Huron Daily Huronite And Plainsman, October 11, 1945

Huron Daily Huronite And Plainsman

October 11, 1945

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Issue date: Thursday, October 11, 1945

Pages available: 12

Previous edition: Friday, October 5, 1945

Next edition: Friday, October 12, 1945 - Used by the World's Finest Libraries and Institutions
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Publication name: Huron Daily Huronite And Plainsman

Location: Huron, South Dakota

Pages available: 2,122

Years available: 1944 - 1946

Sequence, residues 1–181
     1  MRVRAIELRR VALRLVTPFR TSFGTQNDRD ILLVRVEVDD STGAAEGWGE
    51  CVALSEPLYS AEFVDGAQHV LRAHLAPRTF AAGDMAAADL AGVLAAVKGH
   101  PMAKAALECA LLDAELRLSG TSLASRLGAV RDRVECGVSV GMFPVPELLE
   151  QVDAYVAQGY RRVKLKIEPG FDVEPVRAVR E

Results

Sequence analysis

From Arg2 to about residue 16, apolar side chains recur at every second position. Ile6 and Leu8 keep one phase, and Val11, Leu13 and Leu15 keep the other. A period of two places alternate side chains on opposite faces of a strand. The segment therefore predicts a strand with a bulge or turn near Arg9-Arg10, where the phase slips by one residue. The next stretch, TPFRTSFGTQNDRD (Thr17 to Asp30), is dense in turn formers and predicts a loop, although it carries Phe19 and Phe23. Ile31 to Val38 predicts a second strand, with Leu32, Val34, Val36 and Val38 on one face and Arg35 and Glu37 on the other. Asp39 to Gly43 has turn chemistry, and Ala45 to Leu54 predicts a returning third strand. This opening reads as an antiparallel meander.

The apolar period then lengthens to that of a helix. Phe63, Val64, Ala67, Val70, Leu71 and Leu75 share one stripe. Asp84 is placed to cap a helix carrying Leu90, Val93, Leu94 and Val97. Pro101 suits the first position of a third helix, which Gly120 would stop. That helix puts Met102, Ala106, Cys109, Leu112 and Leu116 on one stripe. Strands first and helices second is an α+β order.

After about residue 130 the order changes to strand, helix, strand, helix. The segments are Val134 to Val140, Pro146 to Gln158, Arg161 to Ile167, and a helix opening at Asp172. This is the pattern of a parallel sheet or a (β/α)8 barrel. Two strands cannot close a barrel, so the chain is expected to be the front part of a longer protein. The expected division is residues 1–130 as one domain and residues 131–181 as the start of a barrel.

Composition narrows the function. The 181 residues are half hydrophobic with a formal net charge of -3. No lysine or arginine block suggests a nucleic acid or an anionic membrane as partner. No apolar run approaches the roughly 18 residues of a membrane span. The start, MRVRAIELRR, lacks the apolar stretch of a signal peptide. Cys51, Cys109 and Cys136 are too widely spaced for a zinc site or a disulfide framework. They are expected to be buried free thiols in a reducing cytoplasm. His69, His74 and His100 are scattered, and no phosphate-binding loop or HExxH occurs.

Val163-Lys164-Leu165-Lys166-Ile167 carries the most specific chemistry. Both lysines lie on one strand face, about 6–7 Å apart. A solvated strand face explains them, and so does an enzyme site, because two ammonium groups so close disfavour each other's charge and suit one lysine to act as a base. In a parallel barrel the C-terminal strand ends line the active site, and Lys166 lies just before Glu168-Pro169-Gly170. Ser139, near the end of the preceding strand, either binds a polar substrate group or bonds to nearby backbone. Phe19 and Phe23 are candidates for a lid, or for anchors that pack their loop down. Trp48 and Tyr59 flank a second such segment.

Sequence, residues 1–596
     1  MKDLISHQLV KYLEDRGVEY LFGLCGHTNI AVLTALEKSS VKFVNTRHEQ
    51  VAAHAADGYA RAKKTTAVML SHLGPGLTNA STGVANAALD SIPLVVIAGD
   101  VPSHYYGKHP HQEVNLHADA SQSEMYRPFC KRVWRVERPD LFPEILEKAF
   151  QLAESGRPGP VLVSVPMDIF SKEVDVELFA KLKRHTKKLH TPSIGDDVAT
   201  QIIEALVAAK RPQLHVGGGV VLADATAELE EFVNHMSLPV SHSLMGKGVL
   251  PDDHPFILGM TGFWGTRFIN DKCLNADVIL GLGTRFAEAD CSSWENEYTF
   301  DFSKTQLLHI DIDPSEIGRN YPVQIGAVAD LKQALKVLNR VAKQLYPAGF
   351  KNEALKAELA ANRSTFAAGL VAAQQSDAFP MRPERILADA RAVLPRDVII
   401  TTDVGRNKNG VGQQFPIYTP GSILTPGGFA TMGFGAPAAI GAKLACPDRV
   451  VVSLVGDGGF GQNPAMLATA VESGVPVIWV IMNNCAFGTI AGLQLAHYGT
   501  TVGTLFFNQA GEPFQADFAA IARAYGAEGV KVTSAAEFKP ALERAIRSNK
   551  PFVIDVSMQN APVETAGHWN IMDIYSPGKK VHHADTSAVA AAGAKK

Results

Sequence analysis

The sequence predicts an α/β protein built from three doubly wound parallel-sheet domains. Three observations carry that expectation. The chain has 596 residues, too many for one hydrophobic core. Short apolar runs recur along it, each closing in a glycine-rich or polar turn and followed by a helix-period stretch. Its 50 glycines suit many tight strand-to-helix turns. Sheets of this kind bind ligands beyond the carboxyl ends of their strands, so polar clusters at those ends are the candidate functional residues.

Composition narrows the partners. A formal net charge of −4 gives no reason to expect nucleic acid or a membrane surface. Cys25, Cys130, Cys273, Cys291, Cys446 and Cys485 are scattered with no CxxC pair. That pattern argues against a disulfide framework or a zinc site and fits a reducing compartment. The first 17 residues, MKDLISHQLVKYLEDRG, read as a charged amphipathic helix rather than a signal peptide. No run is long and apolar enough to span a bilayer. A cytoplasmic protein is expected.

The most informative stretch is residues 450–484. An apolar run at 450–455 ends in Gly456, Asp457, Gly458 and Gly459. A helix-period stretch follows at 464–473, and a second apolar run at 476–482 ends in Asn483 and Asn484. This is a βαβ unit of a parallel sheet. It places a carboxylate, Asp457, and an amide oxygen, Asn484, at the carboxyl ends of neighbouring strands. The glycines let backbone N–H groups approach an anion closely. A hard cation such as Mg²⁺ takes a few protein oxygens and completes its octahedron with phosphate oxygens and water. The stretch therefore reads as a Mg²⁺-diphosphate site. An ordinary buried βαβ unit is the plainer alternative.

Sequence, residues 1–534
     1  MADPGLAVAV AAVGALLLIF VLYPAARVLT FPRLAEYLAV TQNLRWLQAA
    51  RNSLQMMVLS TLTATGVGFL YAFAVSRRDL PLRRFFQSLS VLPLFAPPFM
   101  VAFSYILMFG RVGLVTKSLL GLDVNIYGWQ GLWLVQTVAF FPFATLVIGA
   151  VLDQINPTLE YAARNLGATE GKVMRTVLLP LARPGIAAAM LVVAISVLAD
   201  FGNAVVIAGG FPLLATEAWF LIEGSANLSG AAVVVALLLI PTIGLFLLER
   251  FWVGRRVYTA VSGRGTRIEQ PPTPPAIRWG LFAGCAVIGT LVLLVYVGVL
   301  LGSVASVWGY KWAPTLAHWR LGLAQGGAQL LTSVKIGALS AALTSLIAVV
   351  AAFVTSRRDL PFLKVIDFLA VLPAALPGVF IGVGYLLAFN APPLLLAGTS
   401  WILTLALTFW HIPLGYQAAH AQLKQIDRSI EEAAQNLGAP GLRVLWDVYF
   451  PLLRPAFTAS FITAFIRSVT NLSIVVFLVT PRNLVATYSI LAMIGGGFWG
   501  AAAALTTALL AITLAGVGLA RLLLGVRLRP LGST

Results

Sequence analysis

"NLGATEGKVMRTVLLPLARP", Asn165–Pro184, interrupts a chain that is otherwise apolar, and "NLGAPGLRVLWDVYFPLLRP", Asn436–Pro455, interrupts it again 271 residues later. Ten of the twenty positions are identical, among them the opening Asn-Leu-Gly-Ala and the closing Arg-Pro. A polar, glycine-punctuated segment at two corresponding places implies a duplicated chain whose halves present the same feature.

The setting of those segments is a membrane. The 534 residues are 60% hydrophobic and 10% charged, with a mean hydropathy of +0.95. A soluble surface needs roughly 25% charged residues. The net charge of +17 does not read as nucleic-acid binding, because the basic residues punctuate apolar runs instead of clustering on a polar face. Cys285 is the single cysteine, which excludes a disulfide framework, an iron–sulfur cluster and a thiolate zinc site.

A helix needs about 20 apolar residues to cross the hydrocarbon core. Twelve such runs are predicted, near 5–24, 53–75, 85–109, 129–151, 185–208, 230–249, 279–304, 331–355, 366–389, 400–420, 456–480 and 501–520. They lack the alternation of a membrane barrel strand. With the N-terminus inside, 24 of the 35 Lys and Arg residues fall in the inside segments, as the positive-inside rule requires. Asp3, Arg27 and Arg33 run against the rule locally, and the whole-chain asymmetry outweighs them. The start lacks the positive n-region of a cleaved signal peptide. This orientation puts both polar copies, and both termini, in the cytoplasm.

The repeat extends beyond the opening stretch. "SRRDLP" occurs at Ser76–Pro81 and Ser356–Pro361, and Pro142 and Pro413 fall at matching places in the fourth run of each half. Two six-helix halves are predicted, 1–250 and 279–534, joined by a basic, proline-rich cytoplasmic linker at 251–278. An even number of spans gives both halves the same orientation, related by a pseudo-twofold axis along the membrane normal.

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Daily Huronite and Plainsman, The (Newspaper) - October 11, 1945, Huron, South Dakota PERMANENT THUMBNAIL EDITORIAL VETERANS: GO BACK TO SCHOOL HE AND PLAINSMAN Weather South Dakota: Fair through Fri- day. Little temperature change. Huron: Partly cloudy, slight tem- perature change. Above freezing tonight. VOLUME LX HURON. SOUTH DAKOTA; OCTOBER 11, 1945 SINGLE COPY 5c HOUSE SET TO OKAY TAX BILL Plenty Of Shotgun Shells For All But South Dakota Hunters; Hit COAL STRIKES SPREAD SIOUX FALLS, Oct. 11 W A sportsmen's group here organ- ised for pheasant conservation considered statewide organization today after hearing Director JE1- rnei- Peterson of the State Fish. Game and Parks Commission laud feel it? motives but add that von are unduly alarmed." C A. Hamilton. Sioux Falls, attorney who leads the hunting group, said a committee will con- tact other organizations interest- ed in a state wide meeting at some central point this fall to oopose "over-commercialization" of the state's hunting resources Commend Commission The group commended the state game and fish commission for work in protecting and propagat ing name fowl. I "We are in no position now to decide whether the season or bag] limit should be Peter- son said at last night's meeting. "It might be better for all con- cerned, of course, if we had a shorter season, smaller bag limit and maintained the sporting ele- ment in hunting." He estimated that the present n amber of pheasants in South Da- kota may be from five to 20 per cent in excess of the 1944 crop, despite the killing of approxi- pheasants last year as indicated by hunters' re- ports. "You must consider the capa- city of pheasants to he said. "There should be no worry about over-shooting this year. The pheasant is the only game bird that can be controled. Pheasants-lend themselves admir- ably to management. It is un- fair and misleading to assume 10 that pheasants necessarily disappear in the manner of cer- tain other game birds." Deplore Practice A declaration of principles au- thorized by Roy T. Willy, another Navy Says Shells To Be Released WASHINGTON, Oct. 11 those shotguns boys. The Navy is releasing 14.- of shotgun shells. Rep. Robertson.. (D- Va) was informed today. This with the the Army recently told Robertson were being released will be a real start toward a peacetime hunting season, the Virginian said. Navy said the ammunition was being declared surplus as a result of examination of stock levels on 12-gauge am- munition used for training purposes. There wasn't a single shotgun shell for sale in Huron ;oday. And the outlook for the remainder of the season definite- y is not bright, according to the majority of local dealers interviewed in a survey by the Daily Hu'ronite. One wholesaler, however, said he had been promised 'plenty of shells by late November or early December" pro- ovided strikes do not halt the flow of fabricating materials Meanwhile, out-of-state hunters were lugging in am munition by the case and re porting that dealers in their home: states even were dis playing shells on sales count ers. Black Markets Big city black markets wer< cited as one reason why some vis iting hunters come with enougl shells 'to fight a Mexican revolu tion. One -Chicagoan admittex this much to a local hardware man in saying that "as long as we sir willing to pay per case yoi probably -won't get many ou Shotgun ammunition i under OPA ceiling, and a goo brand of high base 12-gaugc shell is quoted at per case. One dealer said he had bee informed that approximately 19 000.000 rounds of army surplu shells will be available soon bu that certain interests who hav them for sale won't sell. imlesi they "are slipped a little extr under the table." Another re tailer said he had heard the sam report, but doubted its veracity. The most frequently heard ex- War Vet Admits Minnesota Theft Nimitz Visits Sew York in the hunting group 'the best interests of the attorney asserted sportsmen are jeopardized by the development within South Dakota of private game preserves, game lodges and shooting camps organ- ized for the benefit of a few in- dividuals, who acquire either by purchase, lease or otherwise, ex- clusive shooting rights and priv- ileges on large tracts of land." In introducing Director Peter- son. E. J. Kahler, chairman of the state commission, declared that outsiders must-be kept witK- in rules and regulations "but we must clean our own skirts first." ST. PAUL, Oct. 11 A war veteran was held in jail today and Police Chief "Charles Tierney said the suspect who claimed he is. a former member of Carlson's marine raiders had admitted hold- ing up a loan company at Fari-. bault, -Minn., and escaping in a hired airplane. identified the. suspect as Roscoe M. Stam, Jr., 21, of Faribault who was discharged from the marine carps a year ago. Stam was captured last night after Tierney said he had been traced to a St. Paul house. Tier- ney said the suspect" had hired a taxi cab to make the trip to'St. Paul from nearby White' Bear airport where the plane landed. Tierney said Stam admitted holding up the woman office manager of the Phoenix Loan Co., at Faribault, forcing her to turn over in cash to him after she had refused to make him a planation why non-resident hunt- ers seem to find it easier to buy ammunition, however, was that South Dakota was adversely af- fected by the War Production loan. To Speed Return Of Pacific GIs TOKYO, Oct. 11 GI's will be. returned to the United States from the Pacific at the rate of more than a month for the next six 'months, Allied headquarters announced today. By the end -of March a total of men will have been re- turned to the States, leaving ap- proximately men in the occupation forces and units, man- ning army installations in the Pa- cific theater. In Japan, four divisions (ap- proximately 60.000 men) .of com- bat troops, plus air service troops and special occupation units will remain. The Pacific forces will include 200.000 in Japan and Korea: seven thousand in the Philippines and in Okin- awa and the rest of the Ryukyus Islands. The rest of the 400.000 will be and -service forces in Hawaii, the Marianas and oth- er Pacific bases. General MacArthur estimated previously men woufc be needed for -the occupation o: Japan six months after surren der; today's announcement cuts that figure by the two divisions (approximately men which will be. deployed to Korea from the total of 200.000 for the dual Korea-Japan occupation area. 1 Before any divisions are sen 1 home the low point men wilt be screened out to remain with the [occupation forces replacing higl [point men from the units in the [field, general headquarters said As of January 1. the divisions tin the Pacific will be located follows: On Japan. 11 th tilth Airborne, First Cavalry. 77th 31st. 29th, 97th, 32nd. 41st. 24th, (98th and 33rd. Korea: 77th. 40th and 6th, Philippines: 06th, 88th. The which Will final ly remain as occupation troope tare the llth Airborne, 24th, land First Cavalry on Japan; tht and flth Division in Korea knd the 88th in the Philippines. Stam, Tierney said, then hired a cab to drive him to an airport at Kenyon, Minn., where he had paid for the. chartered plane to take him to White Bear, just outside St. Paul. Tierney said Stam still had of the money when he was arrest- ed without .-resistance after 12 police .officers had surrounded the house. Board's system-of alloeatine gun shells to states on a popula- tion basis.' "Shell quotas should have been based -on bird population, rather than on human a dealer said. "South Dakota, with more pheasants than any other state, therefore, receives fewer shells than Illinois with only a sprinkling of birds." "Dribble" Of Shells Most local retailers of shells re- ported they have received only "dribbles" of shotgun ammuni- tion this season. Their supplies were often gone within a hal: hour after, .unpacking. Only a few lucky ones, therefore, were able to buy at the rate pf one box apiece. Local hunters, chafing at wha they 'consider discrimination, are expressing their wrath in no un certain terms. Current for a few days was the rumor that the Huron Chambe of Commerce was. laying in big N. W. Security Bank Jps Surplus Account SIOUX FALLS, Oct. 11 ncrease in the surplus account of he Northwest Security National ank of Sioux Falls o was announcd .today y President Ralph M. Watson. Addition of'the to that ccount was approved by the xiard of directors. "The common stock remains at Watson said, "and un- ivided profits and reserves -are 433.000, making a total capital Admiral Chester W. Nimlts, whose warships smashed across the Pacific to ahorec of Japan, salutes marine ex lor guard at New York's La Quardia airport as ha steps .from transport to teeaiTa the city's riotous Declaim. Nlmitx's visit to New York precedes the Third Fleet's-arrival next week for the first Tisii of the navy since before the wax. (NBA Talephoto) Efforts To End Deadlock Fail; Operators Balk By The. Associated Press The nation's strike lines held at around the mark to- iay, only a small decrease in 24 hours, as fresh labor disputes al- most offset the return of workers to jobs in textile plants." As new shutdowns in the six- state soft: coal strike area forced additional thousands to the ranks of idle, bituminous operators and United Mine Workers Union rep- resentatives failed to agree on a compromise proposal' to end the 21-day expanding work stop- pages. Secretary of Labor. Schwellen- bach again summoned the con- ferees into session today to at- tempt to settle the dispute be- tween the operators and John L. Lewis' United Mine Workers. The he said, are not far. apart in their controversy ov- er recognition of the UMW. Fore- men's Union, and he expressed hope that "they should be able to agree." Report To Truman The secretary reported to Pres- ident Truman today on the dead- locked negotiations and said .the President sent a message to the conferees. Failure to reach a set- tlement would portend a further spread of stoppages in the coal pits, where some miners already have walked out from nearly half of the country's soft coal mines. Meanwhile, a sidelight to the A riYOflrlflf) coal strike came from Pittsburgh 111 where the Jones and Laughlin Steel Corporation, whose pro- Spending Spree Over Demands Made For Slash In Federal Spending Lonnle shown in detention homa in Dayton. Ohio, with dog he bought after tearing in Cincinnati. Ohio. Boy had in cash on him when found in the Dayton Union station. Peron Receives Popular Backing ommunists And Nationalists In Ghina Agree To Terms Of Peace duct ion has been cut 20 per cent the coal pickets were dispute, reported barring .pumpers CHUNGKING. Oct. 11 W Chinese nationalist and commu- nists negotiators for a unified China issued a communique to- day agreeing upon basic princi- ples of political peace in a na- tion split for, decades by bloody fighting for' government control. The coiranunique also set fourth -the negotiators' willing- ness to continue the talks which have been underway during .a five-weeks-old truce in the fight- ing, and to. submit complex mili- tary and political questions still unsettled to a military subcom- mittee and a broadly constituted political consultative council. The statement indicated the determination. of Nationalist tisheim Reelected To Head State F.U. supplies of shells for the exclu- Leader Chiang Kai-shek, to chieve "unity of, political au- writy" immediately. Mao Tze-Tung, leader .of the ommunist forces, said out ook is optimistic" as he boarded plane to return to sive use of non-resident hunters. President Carroll Fullerton squelched that one, however, by explaining that someone actually saw some cases being delivered to the chamber offices and jumped und account of This las been" done-to further strength- n the permanent capital struc- ure of the bank." .The institution's total assets, he reported, are now- in excess of to' the conclusion that they were being doled out to visiting sports- men. The .fact was, -Fullerton said, that the shells were shipped in -by a :group jf non-resident hunters, .in advance of their ar- rival, to be picked up later. Army Officer Dies On Hunting Trip SIOUX CITY, la., Oct. 11 Sioux City Army Air Base; offi- cials announced early today the death" of Capv. R. Bender, 37, San- ta Monica, Calif., a former .pro- vost marshal at the base, who died yesterday while on a hunt- ing trip with two other army of- ficers near Yankton, S.D. Base officers said that Coroner William Donohue of Yankton County Tiac attributed the captain's death to a heart attack. ers at, Yenan, Shensi -TPrbyince e conceded that some points re mairied to be settled, but he aid- this work could be 'done by he military committee and the olitical council. Mao was a guest last" night a Generalissimo Chiang Kai-shek' Shantung home.They had a 10 minute chat juteraoon t Chih-Chung's res dence, where Mao 'had. been laying. Later, they attended, diplomatic, reception at .National overnment headquarters observ ing the.double tenth, China's big national holiday. Mackenzie's Column Uncle Sam Shows He Is Going To Give MacArthur His Full Backing By DEWTTT MACKENZIE AP Foreign AfMrs Analyst There are several'highly im- portant implications' in Stcrotary of State Byrnes' announcement that the United States has Called a meeting of the proposed Far Eastern advisory commission lor October 23 in Washington. Foremost among these Is the clear indication that Uncle Sain has Ins chin up (but not out) and is standing on his prerogatives in .the ot Japarfnaetonnation and rehabilitation, with this he is backmg lip Supreme Commander MaeArthur. Equally important is America's desire for advice from fyer. Allies., in; work ing out the Japanese problem And.last but not least, there are great potentialities in the pOssl bility that India, mar be to .join, the advisory commission. Mr. Byrnes, has liven MacAt thur a mighty fine vote of con fidence. MacArthur was assigns one of tile most delicate.and daz ftexous .of the postwar, tasks'. 1 anybody, could work faster thar he has In disarming close 1 Jap troops'with a hand ful of Yanks, and gaining con- trol of to mak tog the Mikado watt on Wm. hit UMHCKHZZK, Ailr Servicels Restored Here from, its mines. A company if the mine pumps remained unattended and the mines, were flooded they couldn't be operated for several months. 'Although 'Lewis said he would call off the strikes if the oper- ators would agree to negotiate on the recognition issue, the "op- erators rejected the proposal. They maintain that foremen and other supervisory employes are part of management. As the conferences continued, new pits closed, and the coal shortage nit harder at steel pro- duction. In Hollywood, some 400 Lock- heed aircraft workers joined ap- proximately 400 movie strikers at the Warner Brothers studio gates but there was no disorder. Do. Mot Interfere Armed sheriffs deputies and BUENOS AIRES, Oct. 11 Gen. Eduardo Avalos, command- er of the powerful Campp De Mayo Garrison, took over the today as officers stood across the street but made no move to break up the marchers although Sheriff Eugene Biscailuz had said the aircraft workers would be sub- ject to immediate arrest if they picketed the studio. Movie strike leaders called 000 AFL aircraft workers at Lockheed in the Warner picket lines. At the-same.time, mass picket- ing extended to Universal studios when 280 persons flanked the Argentine war the .power beldh" government, but there were indt cations that Col. Juan Person though divested of his cabine status, remained a strong factor in the confused political situation. Only' a few hours after the gov- ernment had accepted Peron's resignation as vice president war minister and minister of la bor and social welfare, he de livered a speech to -an enthusi astic crowd in which he pledged the remainder of his life "to thi cause of the working man." Cries of "our president" cami from the cheering throng which gathered outside the secrelaria of labor to hear the "iron man's speech, which was national! broadcast. (Peron's speech was interpret ed in some Latin-American quar tcrs as inaugurating his campaign for designation as president in the general elections which have been promised for April.) Avalos, lead-r of the actual fighting which put Peron on a WASHINGTON, Oct. 11 House Democrats and Republi- cans joined today in demanding a slashing in federal expenditures as the chamber began considera- tion of a tax re- duction bill. Chairman Doughton (D-NC) of the tax-framing ways and means committee, told his colleagues the budget must be balanced and pay- ments must be made on the huge national debt. "To make taxes bearable it is important that all non-essential federal spending be he declared. The House Republican leader, Martin of Massachusetts, "served notice" that his party will fight "with unflagging determination to reduce the costs of this govern- ment and, by so doing, eventually reduce the burden of taxes." The House took up the measure on a take it or leave basis as proposed by the ways and- means committee. The measure, which also must be approved by the Senate, would do this beginning January 1: 1. Guarantee every individual ncome taxpayer a reduction of at east 10 per cent Total cuts for ndividuals would amount to Reduce Tax Roll 2. Sweep low in- ome persons off income tax rolls Completely. When the war ended' here Were approximately 00 individual taxpayers. 3. Lower corporation tax bur- lens by trimming he effective rate of the war- mposed excess profits tax from B5.5 to 60 per cent; reducing the combined corporation normal and surtax from 40 per cent to 36: and epealing next July 1 the declared value capital stocks tax. The bill calls for repeal ot the excess pro- fits tax January 1, 1947. 4. Cut back next July 1 the wartime excise levies on high such things as liquor, fun, jew- elry. luggage- and cosmetics, at -a saving of to consum- ers in the last half of 1946. in taxes on Both airlines operating through Huron will return to normal schedules tomorrow. Airport Man- ager Kenneth Nevffle .'reported today, with the anticipated com- pletion of repair work and re- sealing oh. all run- ways. Daytime flights .were resumed Monday-by both--Western and Mid-Continent on uorthwest- and land- ing after a week's .cancel- lation ot all to run- way repair. Workmen for the JHtaly Con- struction Company ot'Sioux falls today were putting the nniihmi touches to repair flBjtne west half of the The orized by the T_ _ spring; was necwtatr because undue craeteig'and, breaking sutttag from Marco. YAIIKTON, Oct; 11 (if) Oscar Huron, was. reelected president of the South Dakota Farmers Union at the.annual con- vention which will, end today. Fosheim was named on the first ballot' over Roy S. Glover of Hecla. K, A. Beck, Bee Heights, was renamed vice, president and Ed Backlund, Mitchell, secretary. Principal .speaker at last night's session was James -G. Patton, na- tional 'president of the Fanners Union, .and M. W. Thatcher, St. Paul, general, manager of the Farmers Union Grain" Terminal Association. .The elections were ..not com- pleted Wednesday afternoon, and vere continued this .forenoon. John Sksge, of Toronto, and Ho- mer Ayres, of Zeona, were.elect- ed delegates to the vention and W. C. .Hermann, of hvricta lenaB, position of power in the 1943 rev olution, was designated as war minister last night. As the army spokesman in the government he now is the real power behind the military regime of President Edelmiro Farrell. The first acts of the govern- Some floor stocks under also would be refunded to business. 5. Repeal the automobile use tax; next July 1, relieving the burden on automobile owners fay The legislation also freezes the Social Security tax in 1946 at one per cent each on employes and employers. Without the freeze this tax would jump January 1 to 2.5 per cent. Mo Alterations The bill came to the House floor under a rule virtually barring any changes. At the request of the Ways and Means committee which wrote the measure the rules committee laid out proced- ure prohibiting amendments un- less approved by the Ways and Means group. As the House made ready to act, the bill came under vigorous attack from Ihe CIO and 14 other organizations including the Farm- main gate arid another 100 con- ment. under Avalos' domination gregated at other entrances'. [included the closing of a half- A spokesman for the aircraft [dozen newspapers, which appar- See STRIKES Two had too freely Rockham, and Sam UUrickscii, of byterian Church m charge. AH las StateCollege Dean Succumbs BROOKINGS, Oct. 11 ith, M. Piersoh, dean of the di- vision of home economics at South Dakota' State College since 1925, died of coronary thrombosis while addressing a meeting of the Soro- sis Club Wednesday night. The heart attack came without warn- ing. Memorial services will be con- ducted in the college auditorium at Friday afternoon, with Lyman. E. Jackson of e and the Bev. W: R. first Pres- when Peron stepped down, and naming to key government posts two men who .been friendly to Peron in the past There were rumors. that the state of siege which was reim- posed on the nation Sept. 26 fol- ors. Union. The IS organizations addressed letters to each House member de- claring the legislation would "grant huge to the most prosperous corporations" but per- mit "only meager relief to low and middle income groups" of hi. The letters urged outright re- peal of the three per cent normal tax on Individuals and increased exemptions to put much softer burdens on low and middle in- come, groups. lowing 'an abortive uprising confirmed. alternates. Election of. directors .was i-.i- ln activities at the. college _ progress 'late this forenoon, with wpprtrot resolutions, legislative and, other committees to -be en up.thtaafteraoon. cjoge notm pierson. respect to in Ulipopolis, ffl., in csnja to South Aakbta, at an y received her ment is. scheduled high-schoolreducatton atAb- erdeen. She obtained her .Master Prairie Fire Burns Grass Near Miller ROLLER, Oct. 11 A; pes University of Ml fire, started from a'spark txpctoFj' burned into. pasttm and hjUs the CafOpbell farm idiy afV to with- in. W rods